Balvenie – Tun 1401 – Batch 9 – Single Malt Scotch Whisky – Review

Balvenie – Tun 1401 – Batch 9 – Single Malt Scotch Whisky | 49.3% (98.6 Proof) $undisclosed

Color/Appearance: A chestnut mare with deep mahogany. Deep sherry influence and many years in oak have naturally turned this whisky into a thing of beauty. I love the bottle and all the information about which casks were merged in tun 1401 and how many were sherry casks and how many were bourbon matured. It would be cool if they could give even more info about the age of these casks. This lack of info just piqued my interest even more and I reached out to another whisky blogger I knew. He had experienced a special tasting put on by Balvenie to explore the components of this very whisky. Due to this inside info I know that some of these whiskies are very very old and one was even below proof and in need of some assistance to again qualify as whisky. Also he stated that even though these component whiskies were amazing in their own right the finished product was better than any one alone. This is a testament to the craft of the distiller, David Stewart and his blending abilities. Just looking at the bottle gives me shivers.


Nose: Mushrooms, damp wooden boards and an old heavily lacquered wooden box filled with amber resin incense. This just smells old and in the best way possible. Stewed apples and hints of long aged Calvados. Wax candles, pine cones and fragrant oak. Intoxicating with depth for the ages. The nose challenges you and the longer you explore the more rewarding it becomes. No easy flowers and fruit here, but what is waiting for you is worth the effort.

Palate: Soft wildflower honey, rich dark fruit, cherries macerated in dark chocolate, sandalwood, leather, juniper, black pepper and cardamon. Oak is here but all those years have transformed it into something much greater than a simple wood. Its as if every exotic wood on earth was handcrafted into some sort of super cask. Wow. These are the honey barrels stacked up from many many decades. I seriously don’t want each sip to end. Enough gushing lets move on.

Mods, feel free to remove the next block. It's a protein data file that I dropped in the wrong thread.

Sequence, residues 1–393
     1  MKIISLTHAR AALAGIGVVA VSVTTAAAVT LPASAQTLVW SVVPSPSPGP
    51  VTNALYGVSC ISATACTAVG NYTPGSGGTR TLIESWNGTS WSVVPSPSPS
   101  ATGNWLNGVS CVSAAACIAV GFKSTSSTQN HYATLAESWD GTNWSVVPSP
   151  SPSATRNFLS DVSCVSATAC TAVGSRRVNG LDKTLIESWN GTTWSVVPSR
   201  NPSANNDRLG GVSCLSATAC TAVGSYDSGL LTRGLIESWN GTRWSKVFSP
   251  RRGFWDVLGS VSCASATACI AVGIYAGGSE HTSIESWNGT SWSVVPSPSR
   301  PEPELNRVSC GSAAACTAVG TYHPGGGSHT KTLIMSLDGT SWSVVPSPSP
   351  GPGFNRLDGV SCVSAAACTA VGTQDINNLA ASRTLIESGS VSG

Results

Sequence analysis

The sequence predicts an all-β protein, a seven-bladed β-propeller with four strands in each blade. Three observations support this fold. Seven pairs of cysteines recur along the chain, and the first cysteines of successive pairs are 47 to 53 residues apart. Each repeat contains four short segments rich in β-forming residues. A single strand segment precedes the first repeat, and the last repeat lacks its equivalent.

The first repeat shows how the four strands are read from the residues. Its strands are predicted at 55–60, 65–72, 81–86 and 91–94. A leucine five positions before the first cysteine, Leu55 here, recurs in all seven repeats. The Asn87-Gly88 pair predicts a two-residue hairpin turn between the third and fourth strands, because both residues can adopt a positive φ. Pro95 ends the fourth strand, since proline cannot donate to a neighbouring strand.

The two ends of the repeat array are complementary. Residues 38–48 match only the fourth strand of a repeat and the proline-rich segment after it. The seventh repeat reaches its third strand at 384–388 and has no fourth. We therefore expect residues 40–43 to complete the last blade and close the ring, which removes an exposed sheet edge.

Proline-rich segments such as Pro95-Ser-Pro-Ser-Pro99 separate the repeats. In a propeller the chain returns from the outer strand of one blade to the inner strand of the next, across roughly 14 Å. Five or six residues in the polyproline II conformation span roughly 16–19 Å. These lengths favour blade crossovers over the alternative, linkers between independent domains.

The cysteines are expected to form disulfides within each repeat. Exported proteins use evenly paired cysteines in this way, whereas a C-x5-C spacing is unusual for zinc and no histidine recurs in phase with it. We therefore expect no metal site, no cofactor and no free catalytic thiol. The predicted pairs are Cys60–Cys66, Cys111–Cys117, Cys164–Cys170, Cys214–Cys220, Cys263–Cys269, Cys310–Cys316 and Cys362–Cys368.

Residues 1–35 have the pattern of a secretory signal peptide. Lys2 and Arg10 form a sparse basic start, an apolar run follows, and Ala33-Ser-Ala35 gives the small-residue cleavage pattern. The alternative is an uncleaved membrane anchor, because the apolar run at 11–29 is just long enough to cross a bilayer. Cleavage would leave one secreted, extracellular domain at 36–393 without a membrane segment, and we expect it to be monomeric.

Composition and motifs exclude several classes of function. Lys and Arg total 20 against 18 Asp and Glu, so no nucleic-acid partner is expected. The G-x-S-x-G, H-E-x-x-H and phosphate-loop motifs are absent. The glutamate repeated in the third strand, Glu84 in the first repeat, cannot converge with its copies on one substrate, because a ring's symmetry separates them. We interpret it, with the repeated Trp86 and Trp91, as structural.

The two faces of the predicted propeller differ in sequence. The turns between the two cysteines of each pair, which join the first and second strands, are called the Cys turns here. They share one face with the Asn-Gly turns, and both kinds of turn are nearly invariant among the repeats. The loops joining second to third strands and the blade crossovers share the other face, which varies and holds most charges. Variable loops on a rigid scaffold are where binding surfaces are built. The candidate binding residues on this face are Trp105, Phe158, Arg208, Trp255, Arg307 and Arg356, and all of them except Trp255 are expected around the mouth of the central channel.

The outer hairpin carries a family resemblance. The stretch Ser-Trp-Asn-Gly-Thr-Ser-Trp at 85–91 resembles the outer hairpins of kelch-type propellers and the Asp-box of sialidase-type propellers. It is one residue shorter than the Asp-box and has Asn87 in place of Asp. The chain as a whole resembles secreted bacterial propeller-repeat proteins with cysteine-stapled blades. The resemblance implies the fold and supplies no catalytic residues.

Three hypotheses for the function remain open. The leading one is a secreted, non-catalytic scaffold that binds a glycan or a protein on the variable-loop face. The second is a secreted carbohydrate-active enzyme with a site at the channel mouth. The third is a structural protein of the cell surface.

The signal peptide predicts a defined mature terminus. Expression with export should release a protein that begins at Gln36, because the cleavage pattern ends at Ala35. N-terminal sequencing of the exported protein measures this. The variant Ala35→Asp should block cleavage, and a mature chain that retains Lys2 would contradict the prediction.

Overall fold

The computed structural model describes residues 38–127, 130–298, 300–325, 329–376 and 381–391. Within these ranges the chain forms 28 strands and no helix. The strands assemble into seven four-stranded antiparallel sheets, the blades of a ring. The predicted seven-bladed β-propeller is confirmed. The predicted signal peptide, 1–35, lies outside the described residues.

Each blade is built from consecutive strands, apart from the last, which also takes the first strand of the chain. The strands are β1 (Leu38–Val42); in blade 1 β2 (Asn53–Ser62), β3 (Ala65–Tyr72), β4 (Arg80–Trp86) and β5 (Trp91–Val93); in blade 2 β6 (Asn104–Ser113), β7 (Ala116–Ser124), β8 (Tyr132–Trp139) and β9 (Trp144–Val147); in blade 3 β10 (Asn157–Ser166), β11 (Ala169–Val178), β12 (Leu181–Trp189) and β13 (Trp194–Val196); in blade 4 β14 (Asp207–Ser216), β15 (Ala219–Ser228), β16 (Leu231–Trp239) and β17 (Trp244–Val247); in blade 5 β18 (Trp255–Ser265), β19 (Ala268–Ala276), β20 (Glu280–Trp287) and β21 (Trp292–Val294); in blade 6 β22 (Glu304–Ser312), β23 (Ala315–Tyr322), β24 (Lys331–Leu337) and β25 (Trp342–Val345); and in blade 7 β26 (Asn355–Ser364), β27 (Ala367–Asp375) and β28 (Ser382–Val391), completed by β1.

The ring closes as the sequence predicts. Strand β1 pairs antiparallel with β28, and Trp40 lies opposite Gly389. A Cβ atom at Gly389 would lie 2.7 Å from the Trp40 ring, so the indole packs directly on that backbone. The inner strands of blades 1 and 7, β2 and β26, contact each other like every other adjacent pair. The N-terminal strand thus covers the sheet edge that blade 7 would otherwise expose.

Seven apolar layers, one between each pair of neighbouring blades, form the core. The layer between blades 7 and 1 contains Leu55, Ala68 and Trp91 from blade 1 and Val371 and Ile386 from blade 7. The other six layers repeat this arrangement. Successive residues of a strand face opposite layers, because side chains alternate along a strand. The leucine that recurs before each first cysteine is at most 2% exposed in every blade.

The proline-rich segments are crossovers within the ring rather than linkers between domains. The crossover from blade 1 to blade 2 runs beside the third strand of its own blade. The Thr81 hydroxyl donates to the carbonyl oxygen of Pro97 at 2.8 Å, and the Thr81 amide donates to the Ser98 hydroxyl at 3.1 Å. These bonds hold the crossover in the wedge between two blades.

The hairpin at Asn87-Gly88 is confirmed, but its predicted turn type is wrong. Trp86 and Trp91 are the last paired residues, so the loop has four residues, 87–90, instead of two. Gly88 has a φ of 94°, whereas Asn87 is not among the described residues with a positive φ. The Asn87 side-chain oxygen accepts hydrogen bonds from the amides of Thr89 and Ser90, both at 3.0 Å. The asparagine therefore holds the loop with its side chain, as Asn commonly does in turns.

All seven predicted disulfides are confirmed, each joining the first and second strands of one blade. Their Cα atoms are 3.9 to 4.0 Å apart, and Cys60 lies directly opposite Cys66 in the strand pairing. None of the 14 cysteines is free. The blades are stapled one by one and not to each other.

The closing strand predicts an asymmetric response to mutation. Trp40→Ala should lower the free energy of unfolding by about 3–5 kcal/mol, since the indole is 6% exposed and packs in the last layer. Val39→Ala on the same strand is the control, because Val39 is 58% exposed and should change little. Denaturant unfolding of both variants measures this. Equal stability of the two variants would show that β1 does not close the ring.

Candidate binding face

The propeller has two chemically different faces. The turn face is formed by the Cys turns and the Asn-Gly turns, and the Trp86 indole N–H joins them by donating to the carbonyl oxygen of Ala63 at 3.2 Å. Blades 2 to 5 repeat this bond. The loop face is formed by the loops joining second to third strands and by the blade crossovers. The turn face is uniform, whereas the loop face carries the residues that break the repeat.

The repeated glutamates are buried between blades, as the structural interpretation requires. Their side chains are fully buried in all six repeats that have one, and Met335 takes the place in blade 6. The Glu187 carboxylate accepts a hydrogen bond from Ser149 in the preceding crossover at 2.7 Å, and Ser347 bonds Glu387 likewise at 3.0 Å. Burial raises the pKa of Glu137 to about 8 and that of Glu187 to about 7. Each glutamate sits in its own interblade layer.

Finish: Delicate lingering spices meld with exotic wood and rich fruits. Each sip seems to last forever on your tongue, rendering all other whiskies as just water with cheap alcohol added.

Overall: This whisky is an experience. Drinking it may ruin you. For once you realize how deep and rich flavors can go, the ordinary may now seem all that much more boring. Each sip makes me feel lucky to be alive. The skill, craft, devotion, and decades of waiting that went into making this fine whisky boggle the mind. To me the most interesting and surprising thing about drinking this is how little it resembles any whisky I have had before. This may be a no age statement whisky but some of the whiskies in here are thirty and forty years old. Since I do not have much experience with whisky of that age, this has been rather eye opening stuff. This was a serious splurge for me but I felt compelled after randomly finding it on a trip back home. I knew this was the last batch of Tun 1401 and I did not expect to see any bottles of this at all. Now they have an even larger tun with which to merge a greater number of whiskies. Unfortunately that new expression is less rare while also costing more. Not sure of the logic of that other than as unfortunate side effect of the well deserved praise this series has earned so far. This no age statement whisky is an amazing accomplishment from a revered distillery that does its own floor maltings and has at its disposal an arsenal of casks to choose from. Trust me, they chose very wisely. May you be so lucky as to taste this very fine whisky.

Rating: 9.7


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